Korean partnership could bring smart grid program to Oak Park
Updated: November 19, 2012 1:19PM
OAK PARK — Village officials are considering an agreement to develop a solar-powered smart grid electrical system in 200 Oak Park homes and several commercial buildings
Oak Park trustees discussed a memorandum of understanding for the Smart City USA Project, an international smart grid collaboration, during a special meeting Thursday.
On Thursday, representatives from the Korean Smart Grid Institute, the Illinois Science and Technology Coalition and the Institute for Sustainable Energy presented and further explained the project.
The pilot program will include placement of 12-13 solar panels on 200 resident’s roofs, with battery backup options in sites around the community.
“The benefits are countless,” said Andrew Barbeau, Institute for Sustainable Energy president.
He said participants can experience cost savings, access to sustainability sources and reliability improvements.
“The actual cost savings would be about $500 a year on electric bills,” he added.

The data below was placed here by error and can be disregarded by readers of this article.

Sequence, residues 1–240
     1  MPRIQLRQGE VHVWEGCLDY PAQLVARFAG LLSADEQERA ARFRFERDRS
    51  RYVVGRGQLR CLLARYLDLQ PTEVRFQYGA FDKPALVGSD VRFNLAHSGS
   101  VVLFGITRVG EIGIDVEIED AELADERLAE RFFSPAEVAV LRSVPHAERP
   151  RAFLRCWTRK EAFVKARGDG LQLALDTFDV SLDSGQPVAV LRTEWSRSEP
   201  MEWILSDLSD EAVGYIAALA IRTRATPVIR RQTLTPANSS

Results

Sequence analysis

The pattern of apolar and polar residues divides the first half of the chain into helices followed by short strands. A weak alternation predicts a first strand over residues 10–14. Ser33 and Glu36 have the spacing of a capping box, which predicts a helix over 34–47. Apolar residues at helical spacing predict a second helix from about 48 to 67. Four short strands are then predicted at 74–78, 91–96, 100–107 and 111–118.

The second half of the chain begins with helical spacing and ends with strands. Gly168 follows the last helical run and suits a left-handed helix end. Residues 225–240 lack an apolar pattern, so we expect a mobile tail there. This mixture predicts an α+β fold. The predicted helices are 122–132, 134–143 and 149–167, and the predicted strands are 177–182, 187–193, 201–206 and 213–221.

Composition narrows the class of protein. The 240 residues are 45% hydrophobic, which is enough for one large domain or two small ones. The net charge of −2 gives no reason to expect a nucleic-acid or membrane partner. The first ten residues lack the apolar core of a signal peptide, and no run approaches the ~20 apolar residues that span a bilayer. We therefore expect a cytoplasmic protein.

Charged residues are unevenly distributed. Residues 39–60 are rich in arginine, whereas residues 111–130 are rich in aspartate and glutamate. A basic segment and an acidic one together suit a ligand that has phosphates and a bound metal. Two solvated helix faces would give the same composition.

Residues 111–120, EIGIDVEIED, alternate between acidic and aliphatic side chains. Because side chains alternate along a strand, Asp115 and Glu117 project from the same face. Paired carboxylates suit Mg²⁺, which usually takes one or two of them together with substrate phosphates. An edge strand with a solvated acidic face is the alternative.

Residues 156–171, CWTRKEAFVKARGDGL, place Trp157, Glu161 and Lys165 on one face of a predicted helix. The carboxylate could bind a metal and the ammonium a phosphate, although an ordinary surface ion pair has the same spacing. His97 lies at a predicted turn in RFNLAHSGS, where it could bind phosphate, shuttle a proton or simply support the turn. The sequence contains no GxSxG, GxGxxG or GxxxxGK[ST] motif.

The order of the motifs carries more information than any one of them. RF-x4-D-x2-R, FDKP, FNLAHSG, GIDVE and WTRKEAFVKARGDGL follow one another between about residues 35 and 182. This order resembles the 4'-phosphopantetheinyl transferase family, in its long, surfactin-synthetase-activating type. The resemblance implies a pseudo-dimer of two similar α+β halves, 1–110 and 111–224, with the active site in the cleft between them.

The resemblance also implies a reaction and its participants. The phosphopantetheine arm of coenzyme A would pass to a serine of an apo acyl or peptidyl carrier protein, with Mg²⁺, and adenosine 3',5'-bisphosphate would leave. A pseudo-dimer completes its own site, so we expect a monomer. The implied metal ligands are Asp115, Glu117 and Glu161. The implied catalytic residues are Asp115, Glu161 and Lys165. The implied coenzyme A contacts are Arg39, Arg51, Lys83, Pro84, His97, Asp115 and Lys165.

The participants would also be asked to be a part of demand response system.
This occurs during peak demand periods, typically the hottest days of summer. Residents would be asked to reduce or shift their power use during those times.
This could potentially be an automatic response, as well.
Data collected would be analyzed, and residents would be reimbursed for their participation.
Bob Greenlee, Illinois Science and Technology Coalition legal counsel, broke down the agreement for village trustees on Thursday.
Phase one is the monitoring phase, which would include Korean companies providing hardware, an estimated cost of $600,000.
To pay for installation, state and private grants would provide $160,000.
The solar stage, phase two, was estimated at $5 million, 50 percent funded by Korean companies and 50 percent by state and private grants.
“We want to make it clear that the village of Oak Park and its participants will have no funding requirements,” Greenlee said.
K.C. Poulos, Oak Park’s sustainability manager, said Oak Park’s role is to educate residents about the project, and to select participants.
Trustee John Hedges asked how the village would choose the 200 participants.
Poulos said participating homes must have a south facing roof space and no tree canopy. She suggested a lottery system would be fair.
Trustees will examine the agreement further at their meeting Monday evening.